Arctic claimants say they will obey international law
Five Arctic coastal nations agreed on Wednesday to let the U.N. rule on conflicting territorial claims on the region's seabed, which may hold up to one fourth of the world's undiscovered hydrocarbon reserves.
"We affirmed our commitment to the orderly settlement of any possible overlapping claims," U.S. Deputy Secretary of State John Negroponte told a news conference.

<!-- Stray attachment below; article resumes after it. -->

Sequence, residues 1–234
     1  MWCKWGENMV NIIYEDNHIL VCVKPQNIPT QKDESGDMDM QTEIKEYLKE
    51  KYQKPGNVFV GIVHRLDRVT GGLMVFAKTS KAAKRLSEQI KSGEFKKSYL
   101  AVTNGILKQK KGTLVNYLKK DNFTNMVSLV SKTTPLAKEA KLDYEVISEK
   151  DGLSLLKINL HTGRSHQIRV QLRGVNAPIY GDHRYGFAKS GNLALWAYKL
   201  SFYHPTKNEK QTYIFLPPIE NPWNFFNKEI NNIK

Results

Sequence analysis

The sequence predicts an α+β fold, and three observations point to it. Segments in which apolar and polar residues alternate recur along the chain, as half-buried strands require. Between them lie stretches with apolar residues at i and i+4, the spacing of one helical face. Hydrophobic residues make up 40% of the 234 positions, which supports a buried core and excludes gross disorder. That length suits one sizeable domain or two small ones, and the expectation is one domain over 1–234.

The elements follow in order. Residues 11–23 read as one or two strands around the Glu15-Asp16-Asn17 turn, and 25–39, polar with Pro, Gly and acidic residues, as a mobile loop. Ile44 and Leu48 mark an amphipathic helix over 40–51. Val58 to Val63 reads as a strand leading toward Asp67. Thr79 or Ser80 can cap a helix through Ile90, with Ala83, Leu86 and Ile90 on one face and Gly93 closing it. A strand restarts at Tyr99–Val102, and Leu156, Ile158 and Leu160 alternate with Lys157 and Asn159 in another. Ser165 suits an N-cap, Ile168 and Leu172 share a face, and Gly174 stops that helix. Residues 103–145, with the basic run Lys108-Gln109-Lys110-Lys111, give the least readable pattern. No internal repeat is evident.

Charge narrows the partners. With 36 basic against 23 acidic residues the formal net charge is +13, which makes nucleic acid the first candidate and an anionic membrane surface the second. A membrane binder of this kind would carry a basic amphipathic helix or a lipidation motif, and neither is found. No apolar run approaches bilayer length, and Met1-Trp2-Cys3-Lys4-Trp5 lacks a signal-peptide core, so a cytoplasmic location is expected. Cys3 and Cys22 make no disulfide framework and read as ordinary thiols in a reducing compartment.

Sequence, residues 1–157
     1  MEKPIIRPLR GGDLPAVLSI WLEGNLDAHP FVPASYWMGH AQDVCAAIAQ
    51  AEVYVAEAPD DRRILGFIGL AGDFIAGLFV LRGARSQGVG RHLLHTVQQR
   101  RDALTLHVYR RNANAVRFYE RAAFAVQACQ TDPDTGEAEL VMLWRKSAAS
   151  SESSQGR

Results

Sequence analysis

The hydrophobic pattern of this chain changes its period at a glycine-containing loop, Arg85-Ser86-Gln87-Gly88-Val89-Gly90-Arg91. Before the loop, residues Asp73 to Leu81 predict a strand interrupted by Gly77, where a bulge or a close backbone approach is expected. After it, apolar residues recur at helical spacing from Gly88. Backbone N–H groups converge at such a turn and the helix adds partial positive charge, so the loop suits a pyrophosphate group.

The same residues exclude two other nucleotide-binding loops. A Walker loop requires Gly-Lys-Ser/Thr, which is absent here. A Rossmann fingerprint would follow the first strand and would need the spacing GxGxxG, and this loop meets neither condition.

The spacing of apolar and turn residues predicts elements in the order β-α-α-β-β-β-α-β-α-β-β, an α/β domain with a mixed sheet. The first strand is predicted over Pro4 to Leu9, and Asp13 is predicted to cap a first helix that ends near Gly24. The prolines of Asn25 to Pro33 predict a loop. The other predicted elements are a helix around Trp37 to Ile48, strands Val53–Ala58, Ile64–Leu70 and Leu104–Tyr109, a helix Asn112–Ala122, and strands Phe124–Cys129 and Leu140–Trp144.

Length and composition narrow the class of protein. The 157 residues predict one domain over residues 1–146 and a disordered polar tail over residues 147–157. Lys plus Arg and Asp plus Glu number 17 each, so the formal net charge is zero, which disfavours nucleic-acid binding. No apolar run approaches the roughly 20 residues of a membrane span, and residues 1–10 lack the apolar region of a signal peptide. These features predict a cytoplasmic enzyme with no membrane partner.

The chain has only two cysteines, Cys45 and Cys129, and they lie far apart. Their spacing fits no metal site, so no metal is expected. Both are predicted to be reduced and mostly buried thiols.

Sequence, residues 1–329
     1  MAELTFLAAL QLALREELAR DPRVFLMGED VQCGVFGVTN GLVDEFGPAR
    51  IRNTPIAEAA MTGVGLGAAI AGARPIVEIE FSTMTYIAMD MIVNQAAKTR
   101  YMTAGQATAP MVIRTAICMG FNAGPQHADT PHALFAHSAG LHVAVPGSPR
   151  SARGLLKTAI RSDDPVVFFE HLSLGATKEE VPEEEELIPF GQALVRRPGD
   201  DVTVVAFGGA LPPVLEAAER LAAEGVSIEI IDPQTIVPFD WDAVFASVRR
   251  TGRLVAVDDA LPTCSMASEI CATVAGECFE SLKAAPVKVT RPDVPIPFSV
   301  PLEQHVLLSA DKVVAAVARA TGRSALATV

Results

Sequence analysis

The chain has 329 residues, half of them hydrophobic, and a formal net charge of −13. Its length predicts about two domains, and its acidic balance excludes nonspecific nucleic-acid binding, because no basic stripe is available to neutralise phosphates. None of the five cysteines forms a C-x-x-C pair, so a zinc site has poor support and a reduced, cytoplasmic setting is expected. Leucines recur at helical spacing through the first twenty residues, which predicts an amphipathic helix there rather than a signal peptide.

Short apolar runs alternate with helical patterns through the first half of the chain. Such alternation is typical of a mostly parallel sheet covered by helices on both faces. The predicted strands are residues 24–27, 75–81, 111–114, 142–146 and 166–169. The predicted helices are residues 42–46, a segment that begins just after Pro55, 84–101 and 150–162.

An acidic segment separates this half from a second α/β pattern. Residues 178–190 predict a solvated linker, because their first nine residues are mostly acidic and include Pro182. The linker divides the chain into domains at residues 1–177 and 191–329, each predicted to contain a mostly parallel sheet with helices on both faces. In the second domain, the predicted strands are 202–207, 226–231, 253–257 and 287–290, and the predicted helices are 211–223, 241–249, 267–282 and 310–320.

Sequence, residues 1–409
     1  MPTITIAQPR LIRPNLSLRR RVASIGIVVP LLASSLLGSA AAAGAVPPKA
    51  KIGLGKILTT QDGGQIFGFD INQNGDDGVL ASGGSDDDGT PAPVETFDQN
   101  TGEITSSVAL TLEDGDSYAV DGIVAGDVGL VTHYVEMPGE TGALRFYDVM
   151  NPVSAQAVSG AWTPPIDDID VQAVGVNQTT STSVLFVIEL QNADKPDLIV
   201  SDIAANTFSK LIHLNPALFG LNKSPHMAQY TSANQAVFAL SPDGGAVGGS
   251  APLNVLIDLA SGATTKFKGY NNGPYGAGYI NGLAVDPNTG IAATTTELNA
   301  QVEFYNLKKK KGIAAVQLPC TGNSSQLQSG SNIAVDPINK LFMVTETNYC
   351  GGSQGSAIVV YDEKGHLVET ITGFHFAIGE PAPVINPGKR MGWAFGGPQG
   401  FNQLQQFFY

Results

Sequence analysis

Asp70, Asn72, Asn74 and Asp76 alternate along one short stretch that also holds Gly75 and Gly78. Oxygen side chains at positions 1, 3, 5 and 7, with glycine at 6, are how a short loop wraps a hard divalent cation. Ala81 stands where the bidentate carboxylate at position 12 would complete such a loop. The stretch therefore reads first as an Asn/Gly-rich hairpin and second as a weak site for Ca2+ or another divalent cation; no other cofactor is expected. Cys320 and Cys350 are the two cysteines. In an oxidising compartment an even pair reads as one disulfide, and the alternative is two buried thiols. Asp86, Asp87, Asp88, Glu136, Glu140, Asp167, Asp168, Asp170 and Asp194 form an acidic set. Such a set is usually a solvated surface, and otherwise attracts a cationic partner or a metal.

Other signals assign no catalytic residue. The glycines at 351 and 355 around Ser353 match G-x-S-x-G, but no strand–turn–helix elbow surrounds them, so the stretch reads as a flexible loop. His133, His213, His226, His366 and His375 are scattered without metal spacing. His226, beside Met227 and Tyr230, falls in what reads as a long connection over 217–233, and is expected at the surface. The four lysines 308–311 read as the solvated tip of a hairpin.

Ministers from Canada, Denmark, Norway, Russia and the United States met in Greenland for a two-day summit to discuss sovereignty over the Arctic Ocean seabed.
Under the 1982 U.N. Law of the Sea Convention, coastal states own the seabed beyond existing 200-nautical mile (370-km) zones if it is part of a continental shelf of shallower waters. The rules aim to fix shelves' outer limits on a clear geological basis, but have created a tangle of overlapping Arctic claims.